United States:

The writers believe that the institutions of the United States have exhibited inclusivity since the time of the American Revolution. The institutions inside the United States facilitated the emergence of a solid and innovative economy.


The authors suggest that Botswana’s institutions have exhibited notable inclusivity since the nation declared independence in 1966. The institutions in Botswana facilitated the emergence of a robust economy.

 Here are some examples of countries with extractive institutions discussed in the book:

North Korea:

The authors claim that the institutions of North Korea exhibit extractive characteristics, where a select group of elites exploits state power to further their interests, often through corrupt practices, rent-seeking behavior, or coercive measures to compel people to work.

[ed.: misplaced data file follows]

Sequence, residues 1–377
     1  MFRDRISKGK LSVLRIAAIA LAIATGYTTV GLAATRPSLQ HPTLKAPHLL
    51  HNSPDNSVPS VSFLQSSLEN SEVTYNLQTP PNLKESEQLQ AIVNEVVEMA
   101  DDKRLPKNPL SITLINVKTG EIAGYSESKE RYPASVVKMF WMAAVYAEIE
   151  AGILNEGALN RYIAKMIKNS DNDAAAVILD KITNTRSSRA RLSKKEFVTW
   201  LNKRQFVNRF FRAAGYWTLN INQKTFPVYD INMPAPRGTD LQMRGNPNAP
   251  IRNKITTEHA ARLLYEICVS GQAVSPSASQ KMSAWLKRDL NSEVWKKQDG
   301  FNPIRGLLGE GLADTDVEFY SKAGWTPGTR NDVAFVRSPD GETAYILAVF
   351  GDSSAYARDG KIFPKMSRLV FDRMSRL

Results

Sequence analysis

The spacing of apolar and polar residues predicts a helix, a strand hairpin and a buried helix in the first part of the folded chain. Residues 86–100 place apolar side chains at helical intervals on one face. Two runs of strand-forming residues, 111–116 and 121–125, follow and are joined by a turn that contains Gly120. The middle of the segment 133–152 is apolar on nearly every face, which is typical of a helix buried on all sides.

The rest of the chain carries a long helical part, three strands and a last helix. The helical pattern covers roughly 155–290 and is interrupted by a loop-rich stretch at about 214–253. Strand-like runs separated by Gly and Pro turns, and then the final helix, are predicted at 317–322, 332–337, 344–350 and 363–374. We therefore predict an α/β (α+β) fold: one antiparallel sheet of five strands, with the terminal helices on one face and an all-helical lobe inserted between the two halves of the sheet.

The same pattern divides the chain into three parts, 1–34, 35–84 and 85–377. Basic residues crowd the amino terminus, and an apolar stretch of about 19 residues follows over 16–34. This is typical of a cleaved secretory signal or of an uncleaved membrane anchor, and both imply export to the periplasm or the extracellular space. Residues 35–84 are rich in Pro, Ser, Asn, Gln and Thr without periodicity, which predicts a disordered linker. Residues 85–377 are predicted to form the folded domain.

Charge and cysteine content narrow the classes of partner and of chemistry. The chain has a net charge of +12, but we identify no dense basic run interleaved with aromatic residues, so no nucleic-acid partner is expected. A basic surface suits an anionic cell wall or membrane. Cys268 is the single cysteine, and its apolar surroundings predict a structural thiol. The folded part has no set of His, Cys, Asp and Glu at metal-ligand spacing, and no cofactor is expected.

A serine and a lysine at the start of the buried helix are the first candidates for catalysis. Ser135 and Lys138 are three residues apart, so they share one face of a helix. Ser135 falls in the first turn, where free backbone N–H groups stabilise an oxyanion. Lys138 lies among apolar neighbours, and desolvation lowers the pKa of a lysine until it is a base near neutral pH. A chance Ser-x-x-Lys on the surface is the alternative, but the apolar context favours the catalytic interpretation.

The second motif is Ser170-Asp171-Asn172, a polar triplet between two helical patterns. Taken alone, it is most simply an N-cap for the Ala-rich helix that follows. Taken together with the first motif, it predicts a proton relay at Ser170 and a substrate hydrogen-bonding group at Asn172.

In the context of Zimbabwe, the authors argue that implementing inclusive institutions would have yielded more favorable outcomes. However, it is contended that the establishment of extractive institutions under the leadership of Mugabe resulted in limited benefits for the broader people, instead favoring a select group of elites who exercised significant control over the channels of power.

Colonial Latin America:

The authors claim that in colonial Latin America, the prevailing economic institutions were extractive in nature, as they were established to exploit the indigenous population for the profit of the colonizers.

Venezuela and Saudi Arabia:

The authors believe that both Venezuela and Saudi Arabia exhibit extractive institutions characterized by the concentration of power within the hands of elites who utilize state resources to further their interests. These elites thrive through corruption, rent-seeking, and coercive labor tactics.